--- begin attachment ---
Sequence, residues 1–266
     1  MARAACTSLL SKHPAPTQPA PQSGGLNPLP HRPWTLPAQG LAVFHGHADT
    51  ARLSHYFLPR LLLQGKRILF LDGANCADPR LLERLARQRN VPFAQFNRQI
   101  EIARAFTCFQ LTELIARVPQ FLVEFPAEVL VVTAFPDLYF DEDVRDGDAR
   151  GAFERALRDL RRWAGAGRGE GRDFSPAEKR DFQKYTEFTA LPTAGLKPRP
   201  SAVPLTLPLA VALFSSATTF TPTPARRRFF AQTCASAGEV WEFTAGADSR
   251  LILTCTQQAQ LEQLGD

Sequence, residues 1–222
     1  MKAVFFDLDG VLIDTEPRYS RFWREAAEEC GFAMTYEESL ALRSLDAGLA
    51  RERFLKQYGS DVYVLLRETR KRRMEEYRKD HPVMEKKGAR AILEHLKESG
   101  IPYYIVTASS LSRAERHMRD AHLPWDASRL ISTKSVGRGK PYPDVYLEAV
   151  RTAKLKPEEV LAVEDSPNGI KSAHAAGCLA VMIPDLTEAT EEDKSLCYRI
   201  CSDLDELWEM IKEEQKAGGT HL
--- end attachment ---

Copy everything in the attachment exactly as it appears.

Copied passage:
Sequence, residues 1–266
     1  MARAACTSLL SKHPAPTQPA PQSGGLNPLP HRPWTLPAQG LAVFHGHADT
    51  ARLSHYFLPR LLLQGKRILF LDGANCADPR LLERLARQRN VPFAQFNRQI
   101  EIARAFTCFQ LTELIARVPQ FLVEFPAEVL VVTAFPDLYF DEDVRDGDAR
   151  GAFERALRDL RRWAGAGRGE GRDFSPAEKR DFQKYTEFTA LPTAGLKPRP
   201  SAVPLTLPLA VALFSSATTF TPTPARRRFF AQTCASAGEV WEFTAGADSR
   251  LILTCTQQAQ LEQLGD

Sequence, residues 1–222
     1  MKAVFFDLDG VLIDTEPRYS RFWREAAEEC GFAMTYEESL ALRSLDAGLA
    51  RERFLKQYGS DVYVLLRETR KRRMEEYRKD HPVMEKKGAR AILEHLKESG
   101  IPYYIVTASS LSRAERHMRD AHLPWDASRL ISTKSVGRGK PYPDVYLEAV
   151  RTAKLKPEEV LAVEDSPNGI KSAHAAGCLA VMIPDLTEAT EEDKSLCYRI
   201  CSDLDELWEM IKEEQKAGGT HL